Alright I know what you’re thinking, ‘I don’t have a hog and if I did, I wouldn’t want to scrub it!’ But let me explain. Our favourite haunt for crowd funded 3D printers and 3D printed objects, Kickstarter, has thrown up yet another gem.
Kickstarter project creator Santa Monica has presented a draft project called The HOG scrubber or ‘Hang-On-Glass’ scrubber. The proposal is a new form of aquarium cleaner unlike any that you may have at home. The unit would attach to the glass of your aquarium with magnets and remove the dangerous chemicals from the water.
It’s a clever solution. Similar to how it is possible to grow plants in order to clean aquariums, the HOG Scrubber grows algae in the filter to do the same, using a process as old as time itself, good old fashioned photosynthesis!
But where does 3D printing come into all this?
Well as with many Kickstarter projects, getting into full scale production is always where the problems arise usually due to the onerous initial production set up costs. Santa Monica notes that one of the injection moulds alone cost $15,000 to $30,000. And the Hog scrubber requires 2 moulds! Plus, it turns out, the injection moulding companies struggled to make the mould themselves using traditional methods.
So, of course 3D printing came into play. Looking into using a 3D printing service offered perfect results but the sample prototype prints were expensive and there would be no difference in the cost for the final version. Of course the answer to the problem would be to purchase a printer and produce the case for the product in house.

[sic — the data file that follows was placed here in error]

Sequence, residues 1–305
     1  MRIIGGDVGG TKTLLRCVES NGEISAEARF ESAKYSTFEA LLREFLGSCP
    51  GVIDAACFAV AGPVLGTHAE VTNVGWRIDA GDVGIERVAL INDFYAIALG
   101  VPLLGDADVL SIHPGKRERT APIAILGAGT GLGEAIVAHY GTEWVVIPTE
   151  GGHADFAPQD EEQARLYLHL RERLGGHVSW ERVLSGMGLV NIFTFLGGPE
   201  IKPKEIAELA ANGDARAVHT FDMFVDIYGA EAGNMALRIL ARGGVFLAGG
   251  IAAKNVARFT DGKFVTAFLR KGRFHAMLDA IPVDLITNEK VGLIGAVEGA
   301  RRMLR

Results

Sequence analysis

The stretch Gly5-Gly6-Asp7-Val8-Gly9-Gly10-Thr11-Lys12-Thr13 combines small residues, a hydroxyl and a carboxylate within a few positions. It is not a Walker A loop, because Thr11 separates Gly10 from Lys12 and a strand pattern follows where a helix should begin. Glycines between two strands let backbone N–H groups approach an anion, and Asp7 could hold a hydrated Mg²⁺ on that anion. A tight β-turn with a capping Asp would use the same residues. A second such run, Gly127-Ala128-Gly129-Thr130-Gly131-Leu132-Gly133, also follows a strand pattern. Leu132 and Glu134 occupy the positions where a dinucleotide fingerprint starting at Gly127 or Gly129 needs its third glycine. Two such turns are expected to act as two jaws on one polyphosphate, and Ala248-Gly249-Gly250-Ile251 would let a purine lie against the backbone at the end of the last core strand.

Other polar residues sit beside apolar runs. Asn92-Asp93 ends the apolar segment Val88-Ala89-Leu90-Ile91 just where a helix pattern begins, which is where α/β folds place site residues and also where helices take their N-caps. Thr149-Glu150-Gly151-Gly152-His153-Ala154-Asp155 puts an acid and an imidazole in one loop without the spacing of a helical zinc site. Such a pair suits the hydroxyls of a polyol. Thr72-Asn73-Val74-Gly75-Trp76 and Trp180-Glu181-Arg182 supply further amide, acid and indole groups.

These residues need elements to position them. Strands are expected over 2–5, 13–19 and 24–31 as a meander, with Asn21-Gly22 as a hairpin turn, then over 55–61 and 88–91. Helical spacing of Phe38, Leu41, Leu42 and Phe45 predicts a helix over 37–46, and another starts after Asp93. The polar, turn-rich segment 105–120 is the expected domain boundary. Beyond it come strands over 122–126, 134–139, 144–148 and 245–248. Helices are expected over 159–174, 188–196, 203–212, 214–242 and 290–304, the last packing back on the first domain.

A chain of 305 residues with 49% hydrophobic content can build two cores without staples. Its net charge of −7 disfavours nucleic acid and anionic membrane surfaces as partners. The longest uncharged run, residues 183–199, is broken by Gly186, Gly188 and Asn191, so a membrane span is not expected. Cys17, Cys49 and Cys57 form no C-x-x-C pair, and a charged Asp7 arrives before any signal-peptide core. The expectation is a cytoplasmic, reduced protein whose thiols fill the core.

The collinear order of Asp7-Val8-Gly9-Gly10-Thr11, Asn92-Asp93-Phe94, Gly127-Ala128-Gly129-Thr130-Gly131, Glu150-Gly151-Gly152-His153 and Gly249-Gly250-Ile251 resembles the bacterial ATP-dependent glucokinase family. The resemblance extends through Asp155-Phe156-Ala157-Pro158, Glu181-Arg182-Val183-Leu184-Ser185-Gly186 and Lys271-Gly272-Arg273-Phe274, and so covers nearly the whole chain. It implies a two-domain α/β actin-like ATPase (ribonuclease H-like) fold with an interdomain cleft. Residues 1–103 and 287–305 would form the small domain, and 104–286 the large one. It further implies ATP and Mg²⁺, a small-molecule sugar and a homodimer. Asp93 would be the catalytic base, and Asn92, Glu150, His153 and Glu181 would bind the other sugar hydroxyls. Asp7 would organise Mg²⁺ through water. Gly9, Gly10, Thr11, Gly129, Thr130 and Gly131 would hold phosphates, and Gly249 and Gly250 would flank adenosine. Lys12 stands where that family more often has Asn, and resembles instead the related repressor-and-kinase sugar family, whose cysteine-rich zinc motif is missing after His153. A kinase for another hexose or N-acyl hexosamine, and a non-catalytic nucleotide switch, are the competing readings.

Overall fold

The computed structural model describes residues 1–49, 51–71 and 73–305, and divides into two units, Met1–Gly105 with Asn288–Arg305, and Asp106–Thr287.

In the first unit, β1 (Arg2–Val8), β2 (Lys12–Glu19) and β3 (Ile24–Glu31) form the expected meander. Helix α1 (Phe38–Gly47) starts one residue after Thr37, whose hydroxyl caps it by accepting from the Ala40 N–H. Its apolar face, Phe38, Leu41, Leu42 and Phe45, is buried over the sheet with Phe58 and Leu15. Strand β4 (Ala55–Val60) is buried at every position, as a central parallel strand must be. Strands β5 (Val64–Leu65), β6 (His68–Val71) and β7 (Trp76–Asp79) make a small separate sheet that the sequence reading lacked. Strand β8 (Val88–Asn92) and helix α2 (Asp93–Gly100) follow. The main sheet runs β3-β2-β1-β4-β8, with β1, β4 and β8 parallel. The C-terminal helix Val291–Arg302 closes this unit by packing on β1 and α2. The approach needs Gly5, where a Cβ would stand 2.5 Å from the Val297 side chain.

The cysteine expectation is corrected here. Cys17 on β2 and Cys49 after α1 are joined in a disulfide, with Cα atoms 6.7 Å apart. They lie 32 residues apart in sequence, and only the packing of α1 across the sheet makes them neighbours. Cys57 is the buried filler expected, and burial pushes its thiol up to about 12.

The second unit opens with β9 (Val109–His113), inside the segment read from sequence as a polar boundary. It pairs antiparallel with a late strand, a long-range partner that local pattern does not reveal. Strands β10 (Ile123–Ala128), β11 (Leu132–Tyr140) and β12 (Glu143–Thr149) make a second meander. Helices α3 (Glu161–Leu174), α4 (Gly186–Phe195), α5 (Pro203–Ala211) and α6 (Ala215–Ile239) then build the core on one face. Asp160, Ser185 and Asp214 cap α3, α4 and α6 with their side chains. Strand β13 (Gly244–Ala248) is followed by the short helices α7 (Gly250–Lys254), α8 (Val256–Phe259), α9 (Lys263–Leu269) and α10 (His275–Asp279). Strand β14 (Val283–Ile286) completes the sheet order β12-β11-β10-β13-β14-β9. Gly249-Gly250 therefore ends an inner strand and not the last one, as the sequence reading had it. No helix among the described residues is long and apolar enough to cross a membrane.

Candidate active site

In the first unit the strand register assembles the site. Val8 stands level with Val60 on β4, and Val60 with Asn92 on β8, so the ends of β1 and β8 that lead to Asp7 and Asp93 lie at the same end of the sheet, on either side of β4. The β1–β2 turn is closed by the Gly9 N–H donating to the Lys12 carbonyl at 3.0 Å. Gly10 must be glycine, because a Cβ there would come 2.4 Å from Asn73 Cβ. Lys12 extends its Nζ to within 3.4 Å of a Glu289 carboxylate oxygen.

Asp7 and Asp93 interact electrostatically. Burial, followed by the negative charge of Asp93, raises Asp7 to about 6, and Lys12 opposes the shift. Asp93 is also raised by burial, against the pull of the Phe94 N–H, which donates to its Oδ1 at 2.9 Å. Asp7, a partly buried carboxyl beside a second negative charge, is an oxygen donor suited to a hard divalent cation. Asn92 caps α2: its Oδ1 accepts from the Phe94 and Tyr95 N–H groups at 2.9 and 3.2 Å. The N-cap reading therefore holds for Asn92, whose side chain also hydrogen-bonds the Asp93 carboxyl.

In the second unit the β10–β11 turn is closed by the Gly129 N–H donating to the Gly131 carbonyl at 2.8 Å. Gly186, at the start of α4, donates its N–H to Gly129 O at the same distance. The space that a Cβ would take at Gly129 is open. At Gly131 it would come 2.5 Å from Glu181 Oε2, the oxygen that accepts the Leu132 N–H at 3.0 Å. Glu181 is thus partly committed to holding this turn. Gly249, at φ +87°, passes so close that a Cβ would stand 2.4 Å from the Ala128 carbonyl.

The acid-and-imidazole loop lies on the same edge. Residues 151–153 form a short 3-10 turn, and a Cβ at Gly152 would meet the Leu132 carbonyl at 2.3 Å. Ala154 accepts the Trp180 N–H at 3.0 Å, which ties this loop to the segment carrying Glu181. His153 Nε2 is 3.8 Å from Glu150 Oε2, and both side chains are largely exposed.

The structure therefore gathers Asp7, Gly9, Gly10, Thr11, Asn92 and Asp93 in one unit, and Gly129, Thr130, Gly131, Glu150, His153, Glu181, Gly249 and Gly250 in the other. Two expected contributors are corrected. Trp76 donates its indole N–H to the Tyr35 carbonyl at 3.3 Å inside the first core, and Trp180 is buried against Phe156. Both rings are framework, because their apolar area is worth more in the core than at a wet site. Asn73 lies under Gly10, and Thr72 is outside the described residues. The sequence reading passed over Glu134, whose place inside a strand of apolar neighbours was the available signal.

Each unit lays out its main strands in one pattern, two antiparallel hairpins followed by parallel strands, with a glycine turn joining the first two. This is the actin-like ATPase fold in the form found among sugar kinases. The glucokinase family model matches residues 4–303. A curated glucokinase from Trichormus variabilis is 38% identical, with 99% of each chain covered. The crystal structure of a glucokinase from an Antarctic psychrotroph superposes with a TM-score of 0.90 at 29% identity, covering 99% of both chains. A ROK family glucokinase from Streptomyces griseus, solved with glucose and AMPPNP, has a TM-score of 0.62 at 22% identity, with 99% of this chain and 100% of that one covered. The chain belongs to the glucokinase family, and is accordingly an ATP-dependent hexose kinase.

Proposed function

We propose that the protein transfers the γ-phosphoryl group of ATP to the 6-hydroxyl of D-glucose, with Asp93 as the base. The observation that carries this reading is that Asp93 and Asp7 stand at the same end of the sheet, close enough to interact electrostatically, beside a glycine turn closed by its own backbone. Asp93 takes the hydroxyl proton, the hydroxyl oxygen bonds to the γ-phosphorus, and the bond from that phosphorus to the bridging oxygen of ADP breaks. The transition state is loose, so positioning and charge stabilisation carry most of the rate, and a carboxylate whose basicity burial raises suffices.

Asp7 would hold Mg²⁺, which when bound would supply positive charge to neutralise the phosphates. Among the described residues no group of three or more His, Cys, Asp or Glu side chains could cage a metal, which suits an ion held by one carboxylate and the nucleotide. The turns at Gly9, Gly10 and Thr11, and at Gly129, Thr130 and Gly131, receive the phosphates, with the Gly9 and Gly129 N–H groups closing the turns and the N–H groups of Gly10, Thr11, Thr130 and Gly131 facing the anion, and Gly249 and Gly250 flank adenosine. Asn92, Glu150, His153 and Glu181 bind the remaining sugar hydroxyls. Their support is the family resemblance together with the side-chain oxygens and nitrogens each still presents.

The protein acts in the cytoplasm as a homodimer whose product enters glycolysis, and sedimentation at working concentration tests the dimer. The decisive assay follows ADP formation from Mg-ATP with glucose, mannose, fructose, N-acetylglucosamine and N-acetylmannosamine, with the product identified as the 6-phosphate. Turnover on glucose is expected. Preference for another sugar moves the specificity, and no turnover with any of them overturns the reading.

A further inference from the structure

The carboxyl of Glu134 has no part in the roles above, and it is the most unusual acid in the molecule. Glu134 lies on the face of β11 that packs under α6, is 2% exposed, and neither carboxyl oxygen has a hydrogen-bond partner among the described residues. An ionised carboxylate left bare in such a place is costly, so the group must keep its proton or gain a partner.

But which printer and which technology to choose? Well anything photo-cured would be out of the question because of the potential for aquarium lights over-curing and damaging the prints.
SLS printers were also out of the questions because of the brittle and porous parts they produce, not to mention the problem of powder floating around in an enclosed space.
Finally, the Kickstarters discovered the benefits of Fused Filament printers using the more and more common melted plastic filament in order to make the part. And picking a printer that can print ABS means strength and water resistance comes built in.
This is where the Kickstarters are asking for our help before starting their campaign for real. Should they buy a few Replicator 2s? Or a Stratasys uPrint. Will the more expensive machine give a better ROI than machines with cheaper up front costs? What will the quality of the 1000th part be like from the cheaper machine?
So if you’re looking to get yourself an interesting and sustainable aquarium cleaner or if you want to follow what could be an interesting business model based on 3D printing technologies, check out the HOG Scrubber page.